Non-Cruciferous Vegetables


Cooking Techniques for Alternative Vegetables

Quick cooking over high heat

Many alternative vegetables can be cooked quickly over high heat to retain their flavor, texture, and nutrients. This method is particularly suitable for vegetables like asparagus, dandelion greens, and mushrooms. Cooking these vegetables fast and hot helps to prevent them from becoming tough or mushy.


Roasting is a popular cooking technique that can be used for alternative vegetables like asparagus, celery, onions, garlic, and mushrooms. Roasting brings out the natural sweetness and enhances the flavor of these vegetables, resulting in a delicious and satisfying dish.


Sautéing is a versatile cooking technique that works well for alternative vegetables like dandelion greens, celery, onions, garlic, and mushrooms. Sautéing allows the vegetables to cook quickly while retaining their texture and flavor. It is a great method for incorporating these vegetables into various recipes.


Braising is a slow-cooking method that can be used for alternative vegetables like dandelion greens and onions. Braising involves cooking the vegetables in a liquid, such as broth or sauce, over low heat for an extended period. This method results in tender and flavorful vegetables.


Man Cooking Food


Recipes and Meal Ideas

Asparagus Stir-Fry


  • 1 pound asparagus, trimmed and cut into bite-sized pieces
  • 1 tablespoon olive oil
  • 2 cloves garlic, minced
  • 1 tablespoon soy sauce
  • 1 teaspoon sesame oil
  • Optional: sliced bell peppers, snap peas, or other desired stir-fry vegetables


  1. Heat olive oil in a large skillet or wok over high heat.
  2. Add the asparagus and stir-fry for 2-3 minutes until crisp-tender.
  3. Add garlic and stir-fry for an additional 1 minute.
  4. Stir in soy sauce and sesame oil. Cook for another 1-2 minutes.
  5. Serve as a side dish or over rice or noodles as a main dish.

Dandelion Greens Soup


  • 1 bunch dandelion greens, washed and chopped
  • 1 tablespoon olive oil
  • 1 onion, diced
  • 2 cloves garlic, minced
  • 4 cups vegetable or chicken broth
  • Salt and pepper to taste
  • Optional toppings: grated Parmesan cheese or croutons


  1. Heat olive oil in a large pot over medium heat.
  2. Add onion and garlic and sauté until soft and fragrant.
  3. Add dandelion greens and sauté for 1-2 minutes until wilted.
  4. Pour in the broth and bring to a boil. Reduce heat and simmer for 15-20 minutes.
  5. Season with salt and pepper to taste.
  6. Serve hot, topped with grated Parmesan cheese or croutons if desired.

Roasted Celery with Onions and Garlic


  • 4 stalks celery, sliced
  • 1 onion, thinly sliced
  • 4 cloves garlic, minced
  • 2 tablespoons olive oil
  • Salt and pepper to taste


  1. Preheat the oven to 400°F (200°C).
  2. In a large bowl, toss together the celery, onion, garlic, olive oil, salt, and pepper until well coated.
  3. Spread the mixture evenly on a baking sheet.
  4. Roast in the preheated oven for 20-25 minutes or until the vegetables are tender and lightly browned.
  5. Serve as a side dish or as a topping for salads or soups.

Mushroom and Herb Salad


  • 8 ounces mushrooms, sliced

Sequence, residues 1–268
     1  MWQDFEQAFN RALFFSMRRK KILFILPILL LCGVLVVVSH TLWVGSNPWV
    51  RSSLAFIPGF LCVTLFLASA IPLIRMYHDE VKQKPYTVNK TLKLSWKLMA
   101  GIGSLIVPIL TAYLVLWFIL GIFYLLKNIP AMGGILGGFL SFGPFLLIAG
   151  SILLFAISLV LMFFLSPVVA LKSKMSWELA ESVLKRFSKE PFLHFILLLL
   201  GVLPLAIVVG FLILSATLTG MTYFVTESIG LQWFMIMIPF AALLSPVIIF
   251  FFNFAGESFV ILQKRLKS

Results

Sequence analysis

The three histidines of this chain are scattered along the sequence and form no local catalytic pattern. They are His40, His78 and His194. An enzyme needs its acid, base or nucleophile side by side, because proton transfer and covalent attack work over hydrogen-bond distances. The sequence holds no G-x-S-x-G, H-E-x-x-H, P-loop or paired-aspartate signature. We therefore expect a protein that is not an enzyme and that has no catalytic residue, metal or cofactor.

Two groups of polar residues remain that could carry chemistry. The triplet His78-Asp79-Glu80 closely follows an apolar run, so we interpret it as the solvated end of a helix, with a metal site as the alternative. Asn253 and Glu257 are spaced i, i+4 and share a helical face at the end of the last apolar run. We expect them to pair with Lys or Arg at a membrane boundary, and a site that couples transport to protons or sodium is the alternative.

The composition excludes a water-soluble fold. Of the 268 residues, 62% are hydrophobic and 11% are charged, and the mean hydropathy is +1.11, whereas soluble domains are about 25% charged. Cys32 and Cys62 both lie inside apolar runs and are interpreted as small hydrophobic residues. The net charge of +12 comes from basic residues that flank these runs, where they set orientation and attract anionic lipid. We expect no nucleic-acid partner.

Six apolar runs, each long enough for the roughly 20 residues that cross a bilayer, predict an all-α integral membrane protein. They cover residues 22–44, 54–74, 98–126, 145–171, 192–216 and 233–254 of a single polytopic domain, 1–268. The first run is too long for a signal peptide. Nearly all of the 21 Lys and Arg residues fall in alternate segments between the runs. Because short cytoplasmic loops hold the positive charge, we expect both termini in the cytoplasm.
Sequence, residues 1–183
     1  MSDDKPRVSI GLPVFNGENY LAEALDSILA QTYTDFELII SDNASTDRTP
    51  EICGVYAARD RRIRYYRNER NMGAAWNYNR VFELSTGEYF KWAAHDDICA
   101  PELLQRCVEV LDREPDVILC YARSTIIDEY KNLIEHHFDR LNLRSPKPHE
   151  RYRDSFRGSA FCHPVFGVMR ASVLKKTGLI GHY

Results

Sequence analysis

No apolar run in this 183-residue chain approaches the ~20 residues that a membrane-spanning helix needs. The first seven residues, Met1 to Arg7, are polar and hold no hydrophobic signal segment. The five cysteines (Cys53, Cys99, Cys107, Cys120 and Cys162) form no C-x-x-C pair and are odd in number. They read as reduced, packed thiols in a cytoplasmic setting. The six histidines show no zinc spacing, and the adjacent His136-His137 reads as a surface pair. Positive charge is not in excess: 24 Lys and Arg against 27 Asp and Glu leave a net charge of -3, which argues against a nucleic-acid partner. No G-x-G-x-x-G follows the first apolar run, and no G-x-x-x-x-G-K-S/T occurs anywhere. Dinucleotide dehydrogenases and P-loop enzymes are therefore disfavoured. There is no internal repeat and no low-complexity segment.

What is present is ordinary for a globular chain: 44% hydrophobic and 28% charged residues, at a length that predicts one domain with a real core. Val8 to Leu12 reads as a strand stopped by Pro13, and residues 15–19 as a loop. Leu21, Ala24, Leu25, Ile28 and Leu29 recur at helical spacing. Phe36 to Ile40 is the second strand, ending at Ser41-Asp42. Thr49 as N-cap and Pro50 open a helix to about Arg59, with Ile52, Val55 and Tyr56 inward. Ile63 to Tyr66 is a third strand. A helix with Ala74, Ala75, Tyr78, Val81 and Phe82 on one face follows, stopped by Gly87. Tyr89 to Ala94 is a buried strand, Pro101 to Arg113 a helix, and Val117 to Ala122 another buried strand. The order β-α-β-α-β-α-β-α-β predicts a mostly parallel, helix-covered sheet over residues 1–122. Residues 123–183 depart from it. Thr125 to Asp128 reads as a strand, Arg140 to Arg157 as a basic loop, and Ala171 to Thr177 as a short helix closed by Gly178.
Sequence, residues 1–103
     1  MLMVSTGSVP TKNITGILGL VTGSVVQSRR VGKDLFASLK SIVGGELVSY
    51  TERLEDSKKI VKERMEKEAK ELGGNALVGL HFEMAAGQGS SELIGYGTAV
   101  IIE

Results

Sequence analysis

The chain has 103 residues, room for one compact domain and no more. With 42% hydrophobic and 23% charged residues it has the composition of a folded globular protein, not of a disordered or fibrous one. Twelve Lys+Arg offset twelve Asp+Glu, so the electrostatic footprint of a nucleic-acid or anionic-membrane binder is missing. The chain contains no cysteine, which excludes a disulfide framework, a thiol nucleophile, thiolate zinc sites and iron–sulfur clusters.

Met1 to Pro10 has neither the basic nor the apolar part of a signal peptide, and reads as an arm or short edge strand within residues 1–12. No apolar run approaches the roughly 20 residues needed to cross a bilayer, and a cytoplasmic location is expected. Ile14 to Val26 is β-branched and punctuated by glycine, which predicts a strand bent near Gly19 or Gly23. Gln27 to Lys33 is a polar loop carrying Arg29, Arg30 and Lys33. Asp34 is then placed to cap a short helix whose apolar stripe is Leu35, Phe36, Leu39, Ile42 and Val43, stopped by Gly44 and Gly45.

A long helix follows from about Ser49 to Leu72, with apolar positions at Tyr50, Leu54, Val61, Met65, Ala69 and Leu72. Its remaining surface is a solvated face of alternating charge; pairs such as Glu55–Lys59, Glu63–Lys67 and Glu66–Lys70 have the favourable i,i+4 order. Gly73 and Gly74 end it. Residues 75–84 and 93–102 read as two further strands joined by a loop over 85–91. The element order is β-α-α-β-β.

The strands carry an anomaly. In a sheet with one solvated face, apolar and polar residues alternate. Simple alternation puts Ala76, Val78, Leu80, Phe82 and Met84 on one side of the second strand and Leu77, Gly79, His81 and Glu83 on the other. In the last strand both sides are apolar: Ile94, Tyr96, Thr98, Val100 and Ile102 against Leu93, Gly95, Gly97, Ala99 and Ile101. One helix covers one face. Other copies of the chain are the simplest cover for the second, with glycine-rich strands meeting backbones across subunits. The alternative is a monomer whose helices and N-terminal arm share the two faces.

• 1 cup mixed fresh herbs (such as parsley, mint, and basil), chopped
  • 2 tablespoons extra-virgin olive oil
  • 1 tablespoon lemon juice
  • Salt and pepper to taste


  1. In a large bowl, combine the mushrooms, herbs, olive oil, lemon juice, salt, and pepper.
  2. Toss until well coated.
  3. Let the salad marinate for at least 10 minutes to allow the flavors to meld.
  4. Serve as a refreshing and light salad.

Artichoke and Jicama Slaw


  • 1 can artichoke hearts, drained and chopped
  • 1 cup jicama, peeled and julienned
  • 1 carrot, grated
  • 2 tablespoons lemon juice
  • 2 tablespoons extra-virgin olive oil
  • 1 tablespoon Dijon mustard
  • Salt and pepper to taste


  1. In a large bowl, combine the artichoke hearts, jicama, and carrot.
  2. In a separate small bowl, whisk together the lemon juice, olive oil, mustard, salt, and pepper.
  3. Pour the dressing over the vegetable mixture and toss until well coated.
  4. Let the slaw chill in the refrigerator for at least 30 minutes before serving.
  5. Serve as a refreshing and crunchy side dish.


Additional Non-Cruciferous Vegetables to Consider

  • Carrots
  • Beets
  • Sweet potatoes
  • Sunchokes
  • Jackfruit
  • Radicchio
  • Seaweed
  • Cactus
  • Celery root

These non-cruciferous vegetables offer a wide range of flavors, textures, and nutrients. They can be incorporated into various dishes and preparations to add variety to your meals.


orange carrots on brown wooden table



While cruciferous vegetables have numerous health benefits, it is understandable that not everyone can tolerate or enjoy them. However, there are plenty of nutrient-dense alternatives available that can provide similar health benefits and a delicious eating experience. Asparagus, dandelion greens, celery, onions, garlic, mushrooms, lettuces, herbs, and additional non-cruciferous vegetables offer a wide variety of flavors and cooking possibilities. By exploring these alternatives and experimenting with different cooking techniques, you can enjoy a diverse and nutritious vegetable intake. Remember to always listen to your doctor’s advice and tailor your diet to your specific health needs. Happy cooking and enjoy your vegetable-filled meals!